maffick

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verb maf·fick \ˈma-fik\

Definition of maffick

  1. intransitive verb
  2. :  to celebrate with boisterous rejoicing and hilarious behavior

Did You Know?

Maffick is an alteration of Mafeking Night, the British celebration of the lifting of the siege of a British military outpost during the South African War at the town of Mafikeng (also spelled Mafeking) on May 17, 1900. The South African War was fought between the British and the Afrikaners, who were Dutch and Huguenot settlers originally called Boers, over the right to govern frontier territories. Though the war did not end until 1902, the lifting of the siege of Mafikeng was a significant victory for the British because they held out against a larger Afrikaner force for 217 days until reinforcements could arrive. The rejoicing in British cities on news of the rescue produced "maffick," a word that was popular for a while, especially in journalistic writing, but is now relatively uncommon.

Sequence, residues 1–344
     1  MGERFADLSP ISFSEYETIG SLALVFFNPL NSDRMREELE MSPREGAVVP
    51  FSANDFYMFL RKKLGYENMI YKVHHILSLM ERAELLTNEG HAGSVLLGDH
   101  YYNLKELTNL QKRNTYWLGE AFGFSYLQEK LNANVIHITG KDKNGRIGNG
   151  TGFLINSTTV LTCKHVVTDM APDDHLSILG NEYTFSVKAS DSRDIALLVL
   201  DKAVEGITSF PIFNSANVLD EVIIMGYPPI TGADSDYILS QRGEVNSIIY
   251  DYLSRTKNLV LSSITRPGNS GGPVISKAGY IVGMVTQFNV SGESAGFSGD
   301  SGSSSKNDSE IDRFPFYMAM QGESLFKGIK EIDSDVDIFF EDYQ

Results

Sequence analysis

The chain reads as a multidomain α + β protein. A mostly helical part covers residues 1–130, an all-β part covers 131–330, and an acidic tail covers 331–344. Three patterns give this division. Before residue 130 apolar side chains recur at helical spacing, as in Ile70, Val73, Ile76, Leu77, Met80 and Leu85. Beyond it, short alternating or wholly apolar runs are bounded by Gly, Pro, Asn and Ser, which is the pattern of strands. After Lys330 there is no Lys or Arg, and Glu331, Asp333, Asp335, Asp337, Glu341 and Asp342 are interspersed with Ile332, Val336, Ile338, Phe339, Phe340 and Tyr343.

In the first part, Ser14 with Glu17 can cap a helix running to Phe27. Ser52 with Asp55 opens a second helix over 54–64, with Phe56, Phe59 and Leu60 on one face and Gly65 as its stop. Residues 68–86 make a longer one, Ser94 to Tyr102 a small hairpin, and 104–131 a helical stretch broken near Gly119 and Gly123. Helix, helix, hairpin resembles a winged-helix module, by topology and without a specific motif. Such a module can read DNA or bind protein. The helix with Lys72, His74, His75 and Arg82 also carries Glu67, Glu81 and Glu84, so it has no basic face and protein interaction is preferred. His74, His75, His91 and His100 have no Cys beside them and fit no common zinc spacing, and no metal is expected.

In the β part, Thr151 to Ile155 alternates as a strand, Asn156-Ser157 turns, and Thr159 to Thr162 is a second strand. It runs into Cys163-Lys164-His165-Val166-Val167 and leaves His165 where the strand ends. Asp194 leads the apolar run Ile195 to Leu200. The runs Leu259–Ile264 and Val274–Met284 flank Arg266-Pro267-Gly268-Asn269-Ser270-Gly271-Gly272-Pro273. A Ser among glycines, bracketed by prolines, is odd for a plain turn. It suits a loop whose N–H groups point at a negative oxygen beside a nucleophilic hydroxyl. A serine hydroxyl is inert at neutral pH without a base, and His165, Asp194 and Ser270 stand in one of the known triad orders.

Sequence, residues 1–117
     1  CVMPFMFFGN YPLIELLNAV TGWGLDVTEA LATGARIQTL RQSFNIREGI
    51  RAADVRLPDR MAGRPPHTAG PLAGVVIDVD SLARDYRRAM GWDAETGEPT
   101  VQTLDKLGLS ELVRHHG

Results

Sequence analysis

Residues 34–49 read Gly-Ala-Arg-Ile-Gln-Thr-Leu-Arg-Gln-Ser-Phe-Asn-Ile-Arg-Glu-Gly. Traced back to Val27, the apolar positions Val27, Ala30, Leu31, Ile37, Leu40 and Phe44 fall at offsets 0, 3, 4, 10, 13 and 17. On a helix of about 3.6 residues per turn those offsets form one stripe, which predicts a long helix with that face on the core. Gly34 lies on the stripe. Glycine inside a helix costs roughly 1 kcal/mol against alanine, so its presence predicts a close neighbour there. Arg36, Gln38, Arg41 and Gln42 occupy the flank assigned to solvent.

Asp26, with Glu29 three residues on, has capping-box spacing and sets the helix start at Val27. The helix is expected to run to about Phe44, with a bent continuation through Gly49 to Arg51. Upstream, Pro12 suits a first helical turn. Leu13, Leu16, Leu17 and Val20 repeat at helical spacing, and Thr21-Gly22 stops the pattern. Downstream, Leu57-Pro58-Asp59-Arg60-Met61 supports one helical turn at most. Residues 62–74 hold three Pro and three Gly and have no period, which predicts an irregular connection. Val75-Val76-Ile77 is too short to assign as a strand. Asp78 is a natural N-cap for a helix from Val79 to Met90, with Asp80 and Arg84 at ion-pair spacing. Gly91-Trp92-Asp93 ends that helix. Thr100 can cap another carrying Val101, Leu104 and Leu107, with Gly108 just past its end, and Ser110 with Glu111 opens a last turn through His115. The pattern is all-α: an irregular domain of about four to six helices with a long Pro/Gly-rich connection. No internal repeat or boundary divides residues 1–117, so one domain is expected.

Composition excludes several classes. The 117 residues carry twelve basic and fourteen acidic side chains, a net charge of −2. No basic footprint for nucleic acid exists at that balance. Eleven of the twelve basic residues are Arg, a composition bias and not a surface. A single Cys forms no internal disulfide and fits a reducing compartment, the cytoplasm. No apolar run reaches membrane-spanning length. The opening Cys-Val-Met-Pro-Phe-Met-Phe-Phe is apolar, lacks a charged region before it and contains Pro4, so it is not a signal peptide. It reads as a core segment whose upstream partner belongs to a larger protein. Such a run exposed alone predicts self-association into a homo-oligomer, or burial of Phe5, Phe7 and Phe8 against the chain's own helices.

Origin and Etymology of maffick

back-formation from Mafeking Night, English celebration of the lifting of the siege of Mafeking, South Africa, May 17, 1900


First Known Use: 1900


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to decrease in size, extent, or degree

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